Time management is crucial for a homeschooling family. There is a lot at stake when you are teaching your children at home, so you need structure to ensure each day is as productive as possible. How do you ensure productivity on a daily basis? The following five tips will help you figure that out for your family.
1. Stick to a written schedule, but keep the schedule fluid.
You should have a basic schedule to ensure you accomplish everything that must be accomplished on a daily basis. Writing the schedule down forces you to think about how much time different tasks take how all of your obligations will best flow together.
The key is to keep the schedule fluid, which means it will change as needed. For example, if you schedule an hour for math lessons during the week and your child continually struggles to finish in that period of time, you may need to expand the time allotted to that lesson for that child. If you try to stick to one schedule without flaws you will grow frustrated and set yourself up for failure. It is best to have a basic schedule in place with an open mind to adjustments when necessary.
The time frames set for each task on your schedule must be realistic if the schedule is to work for your family. Adjust if you continually fail to stick to a time limit on a certain task. It is easier to allot more time than to stress out over hurrying things along to keep on schedule. Remember, the schedule should help you get everything done without stressing you out.
Make sure the kids are involved with the schedule as well. Each child may have their own schedule or task list so they can move through their own responsibilities independently. Just keep that open mind to make adjustments if they are struggling to stick to the schedule in certain areas or their needs change with time.
2. Eliminate small distractions that eat away your time.
How many times a day do you or your children check Facebook or email? How much time do you spend talking on the phone with friends and relatives? These are all things that should be contained to select times of the day because they will eat away most of your day without you even realizing that time was wasted. Pay attention to these time wasters for a few days, and then set limitations to get them under control.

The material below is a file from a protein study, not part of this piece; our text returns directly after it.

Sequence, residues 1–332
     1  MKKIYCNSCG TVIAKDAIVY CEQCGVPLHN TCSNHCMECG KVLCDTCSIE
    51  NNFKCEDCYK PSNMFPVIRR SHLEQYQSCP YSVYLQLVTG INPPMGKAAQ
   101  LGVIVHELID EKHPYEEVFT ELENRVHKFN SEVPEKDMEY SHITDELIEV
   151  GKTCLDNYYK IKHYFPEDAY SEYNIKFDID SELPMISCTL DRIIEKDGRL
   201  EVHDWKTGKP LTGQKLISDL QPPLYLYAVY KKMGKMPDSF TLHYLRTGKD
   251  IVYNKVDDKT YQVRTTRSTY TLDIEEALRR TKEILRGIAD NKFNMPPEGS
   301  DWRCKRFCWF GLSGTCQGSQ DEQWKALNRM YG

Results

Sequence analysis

For instance, you may permit Facebook and email checks at a certain time each morning and evening, with no checks allowed in between. If phone calls distract you during the day, do not answer it at inconvenient times. You can check your voice mails to ensure a missed call was not urgent and call people back at a designated time of day. When all else fails, turn off the ringers.
3. Plan lessons yearly, rather than weekly.
Homeschooling demands you spend some time planning lessons, and that means getting to know the curriculum you will present to your children and deciding how and when it will be presented. Start by planning the curriculum for a year, and then break it down into lesson plans for each month and each week. Finally, develop daily lesson plans. This takes time upfront, but advance planning means you have to think less about lessons on a daily basis. It also means your children are guaranteed to learn what you want them to learn by the end of the year. If you are just winging it week by week, you spend far too much time planning lessons and you risk not meeting your monthly and yearly curriculum goals. Just remember to stay flexible and make changes as needed. With children, there will be adjustments, but the advanced planning will save time in the long run.
4. Open yourself to the input of your children.
Time management in a homeschooling environment should involve the kids. Hold meetings once a week and ask for their input on the schedule, their curriculum, and other issues affecting their lives. Stay open to make changes to their schedules and your own to accommodate the needs of each child. You never know when a child may have a brilliant solution to something that is causing chaos or disorganization in the home.
Children are also more willing to go along with schedules when they know their voice was heard when creating the schedule. Plus, your children know their own feelings better than you do. If one child says she cannot focus on math before lunchtime, try scheduling that lesson right after lunch rather than first thing in the morning. Give away some control, and you will receive greater cooperation.
5. Teach your children to do more, so you can do more.
This is probably the most important tip for time management in a homeschooling environment. When you plan your schedules, you can either have one schedule where you do everything for everyone, or you can have multiple schedules that allow each member of the family to accomplish their own goals simultaneously. When you do it all you get very little accomplished each day. When everyone accomplishes their own goals, you get an amazing amount of productive work done every single day.
Teaching children to do the dishes, the laundry, and other household tasks is just as important as teaching a math lesson or practicing spelling words. This is how you ensure your home is productive and well-organized, but it is also how you ensure your children are well-rounded and ready for the world beyond homeschooling.